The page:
"The young people who do this work are amazingly courageous and passionate. Standing witness and taking action helps shine light on issues and problems that need urgent change. We want to be part of the solution and demonstrate to the world that there are alternatives that work , and work well."
--Jennifer Kloes, Executive Director Emeritus
The Need for Our Work
Unfortunately, Rwanda is not an isolated case. Similar stories and testimony can be found in other former zones of conflict around the world – from the streets of Sarajevo to the killing fields of Cambodia, from the rural areas of Nepal to the indigenous highlands of Guatemala. Today we are urgently confronting unspeakable atrocities in Darfur, sectarian violence and foreign occupation in Iraq, ethnically motivated killings in Kenya and severe authoritarian repression in Burma, to name but a few notable cases. Furthermore, in communities across the world, rampant social and economic injustices, including discrimination, poverty, exploitation, the destruction of entire cultures, and ethnic and religious intolerance, are creating an increasingly where new conflicts and wars may be far too easily ignited.
There is an urgent need to better understand why war, mass violence and genocide occur. More importantly, there is a clear need to invest in strategic solutions that aim to prevent such atrocities from occurring in the future. There is also a need to ensure that this knowledge is passed on to the next generation of human rights leaders.
In considering strategic approaches to breaking the cycle of conflict it is particularly important to recognize that -- in Rwanda and elsewhere where lives have been touched by mass violence -- young people have been particularly vulnerable to human rights violations. This is largely due to the fact that youth typically lack the knowledge, skills or opportunities to take action for social change or to stand up against intolerance, discrimination and oppression. Insufficient resources are being invested to provide young people with the knowledge necessary to defend their human rights and the rights of others in their communities. Without such support, young people can become disempowered, frustrated, disengaged, and vulnerable as the injustices pile up around them. They are also more likely to be victimized or join in the violence (just like many young Rwandans who took up machetes).
There is a clear need to direct more energy towards informing young people of their rights in tandem with providing them tools for taking action. Youth must feel confident in their ability be part of the solution by standing up to racism, violence, poverty, genocide, torture and other tough human rights problems, preferably doing so before they escalate into widespread violence. Although some schools and organizations are doing great work to jumpstart youth engagement in human rights activism, there is significant need to create additional opportunities to enable youth to develop and strengthen their activism skills, expand their knowledge on current and past human rights crises, exchange ideas with others and take action to test their ideas and see the immediate results of their efforts. If we don’t empower them now and direct their energies to promoting non-violent social change, we will continue to feed the global cycle of violence, oppression and injustice for generations to come.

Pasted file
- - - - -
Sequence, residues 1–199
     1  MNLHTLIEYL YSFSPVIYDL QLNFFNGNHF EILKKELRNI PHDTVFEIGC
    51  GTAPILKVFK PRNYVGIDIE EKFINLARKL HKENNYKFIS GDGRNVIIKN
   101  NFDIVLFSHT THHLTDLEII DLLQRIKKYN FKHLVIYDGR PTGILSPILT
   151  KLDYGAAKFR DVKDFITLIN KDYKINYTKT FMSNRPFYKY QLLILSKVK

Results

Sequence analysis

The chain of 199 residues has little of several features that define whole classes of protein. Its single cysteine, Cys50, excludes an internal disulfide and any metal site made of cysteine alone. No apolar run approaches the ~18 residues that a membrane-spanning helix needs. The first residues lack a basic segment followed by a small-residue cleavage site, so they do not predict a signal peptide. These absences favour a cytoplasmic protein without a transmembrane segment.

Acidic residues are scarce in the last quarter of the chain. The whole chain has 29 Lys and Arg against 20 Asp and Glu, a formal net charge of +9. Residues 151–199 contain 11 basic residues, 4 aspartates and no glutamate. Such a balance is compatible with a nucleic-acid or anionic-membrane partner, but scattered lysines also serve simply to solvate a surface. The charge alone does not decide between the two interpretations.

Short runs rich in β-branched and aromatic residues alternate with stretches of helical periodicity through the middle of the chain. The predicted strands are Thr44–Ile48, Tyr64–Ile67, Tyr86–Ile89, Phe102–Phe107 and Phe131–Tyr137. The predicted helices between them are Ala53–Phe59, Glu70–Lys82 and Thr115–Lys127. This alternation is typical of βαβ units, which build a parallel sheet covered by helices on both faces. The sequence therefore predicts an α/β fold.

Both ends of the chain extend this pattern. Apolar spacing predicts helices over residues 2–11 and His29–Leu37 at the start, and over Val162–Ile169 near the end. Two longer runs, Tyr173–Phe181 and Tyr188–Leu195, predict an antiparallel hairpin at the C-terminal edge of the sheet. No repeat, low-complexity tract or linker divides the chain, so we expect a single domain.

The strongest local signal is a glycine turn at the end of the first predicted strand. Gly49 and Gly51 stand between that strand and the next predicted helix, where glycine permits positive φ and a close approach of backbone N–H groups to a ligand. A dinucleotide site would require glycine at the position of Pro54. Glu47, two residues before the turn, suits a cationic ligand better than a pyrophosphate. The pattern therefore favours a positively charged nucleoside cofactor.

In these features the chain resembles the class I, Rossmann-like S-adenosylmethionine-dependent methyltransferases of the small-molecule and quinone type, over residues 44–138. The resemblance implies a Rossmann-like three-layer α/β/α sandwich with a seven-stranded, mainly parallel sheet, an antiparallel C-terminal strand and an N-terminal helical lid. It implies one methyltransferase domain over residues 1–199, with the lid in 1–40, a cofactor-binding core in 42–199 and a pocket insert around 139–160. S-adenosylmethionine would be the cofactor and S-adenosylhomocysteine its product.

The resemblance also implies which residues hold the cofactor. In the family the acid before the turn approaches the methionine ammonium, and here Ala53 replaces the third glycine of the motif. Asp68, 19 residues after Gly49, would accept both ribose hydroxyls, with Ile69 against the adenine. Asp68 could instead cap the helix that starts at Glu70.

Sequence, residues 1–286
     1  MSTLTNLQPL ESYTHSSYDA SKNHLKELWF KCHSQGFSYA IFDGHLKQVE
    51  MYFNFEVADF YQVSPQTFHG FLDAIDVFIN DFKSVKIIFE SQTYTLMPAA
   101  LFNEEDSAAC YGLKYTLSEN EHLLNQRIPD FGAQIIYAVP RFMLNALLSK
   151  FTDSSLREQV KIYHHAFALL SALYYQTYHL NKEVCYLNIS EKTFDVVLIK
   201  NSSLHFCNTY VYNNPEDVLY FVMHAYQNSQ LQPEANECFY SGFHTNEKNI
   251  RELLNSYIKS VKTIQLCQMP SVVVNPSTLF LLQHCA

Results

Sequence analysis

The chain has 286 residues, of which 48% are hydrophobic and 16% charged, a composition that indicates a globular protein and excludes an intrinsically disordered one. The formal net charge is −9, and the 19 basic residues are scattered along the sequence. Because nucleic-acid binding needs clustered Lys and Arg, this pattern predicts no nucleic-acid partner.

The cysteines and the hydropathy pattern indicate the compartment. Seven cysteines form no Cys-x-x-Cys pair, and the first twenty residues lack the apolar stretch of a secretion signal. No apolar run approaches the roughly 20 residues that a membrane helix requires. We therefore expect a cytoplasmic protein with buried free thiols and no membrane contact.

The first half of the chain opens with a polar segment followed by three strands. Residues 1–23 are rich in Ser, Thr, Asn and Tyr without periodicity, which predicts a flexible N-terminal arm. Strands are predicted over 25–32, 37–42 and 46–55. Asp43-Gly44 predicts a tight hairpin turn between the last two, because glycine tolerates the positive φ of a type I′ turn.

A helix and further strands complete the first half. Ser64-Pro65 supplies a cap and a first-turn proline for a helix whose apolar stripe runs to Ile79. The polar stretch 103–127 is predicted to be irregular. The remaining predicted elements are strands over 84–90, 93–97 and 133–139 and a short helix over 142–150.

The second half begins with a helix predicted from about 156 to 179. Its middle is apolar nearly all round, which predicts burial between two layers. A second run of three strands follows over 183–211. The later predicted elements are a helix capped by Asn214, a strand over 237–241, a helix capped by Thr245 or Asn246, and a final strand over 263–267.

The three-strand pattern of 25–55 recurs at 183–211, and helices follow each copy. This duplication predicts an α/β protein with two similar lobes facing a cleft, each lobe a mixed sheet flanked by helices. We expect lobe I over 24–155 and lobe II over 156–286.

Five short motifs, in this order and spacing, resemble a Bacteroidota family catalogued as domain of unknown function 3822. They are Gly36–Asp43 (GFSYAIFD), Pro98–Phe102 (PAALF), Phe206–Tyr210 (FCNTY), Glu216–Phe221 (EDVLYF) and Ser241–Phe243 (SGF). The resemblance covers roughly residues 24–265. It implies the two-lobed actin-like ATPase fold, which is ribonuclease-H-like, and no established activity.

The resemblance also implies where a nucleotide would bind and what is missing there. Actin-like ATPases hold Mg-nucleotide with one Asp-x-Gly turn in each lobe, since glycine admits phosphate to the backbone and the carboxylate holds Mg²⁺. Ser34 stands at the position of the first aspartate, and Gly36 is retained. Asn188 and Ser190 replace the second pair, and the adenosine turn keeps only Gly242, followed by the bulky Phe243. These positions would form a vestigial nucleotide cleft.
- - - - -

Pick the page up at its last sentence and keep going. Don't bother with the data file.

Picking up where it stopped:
Additionally, among those young people who are already taking a stand for change, we must provide additional support. Young frontline activists generally lack sufficient opportunities for training and their work and efforts are largely undervalued. There is a need to help them generate new ideas, connections and strategies that will help them provide the breakthroughs necessary to transform problems that now seem intractable. Investing in youth who are already leaders in their communities, especially those who are working with other youth, also makes sense since they are best poised to share what they’ve learned with many other people, creating a ripple effect. Rather than spreading resources thin by trying to reach every single young person, working with youth leaders is an extremely wise strategy to ensure maximum impact of limited resources.
Motivations and Inspirations
Who We Serve
We also serve youth who are at an
earlier stage in their activism to enable them to
better understand how to use their unique talents to
advance human rights. As a global organization with
programs in a variety of countries around the world,
the youth we work with come from all backgrounds –
from the poorest communities to the wealthiest, from
the “developed” world to the “underdeveloped” world,
and from a wide range of ethnic, national, and
-->Build the skills, knowledge and confidence of youth to raise awareness, take action and work collaboratively on projects to promote and defend human rights;
-->Facilitate meaningful dialogue, enable critical thinking and analysis of complex issues and encourage joint problem solving to address shared human rights concerns;
-->Foster personal and emotional growth by testing boundaries and limitations, reflecting critically on our own lives and cultures, exploring how the choices we make affect others;
-->Build strong personal connections and community among youth activists;
-->Provide positive outlets and opportunities for youth to work to promote human rights; and
-->Create, inspire and nurture both new and existing youth-led projects aimed at promoting and protecting human rights.
Human Rights Framework
GYC : P.O. Box 1342, NY, NY 10159 : (845) 657 - 3273 : email@example.com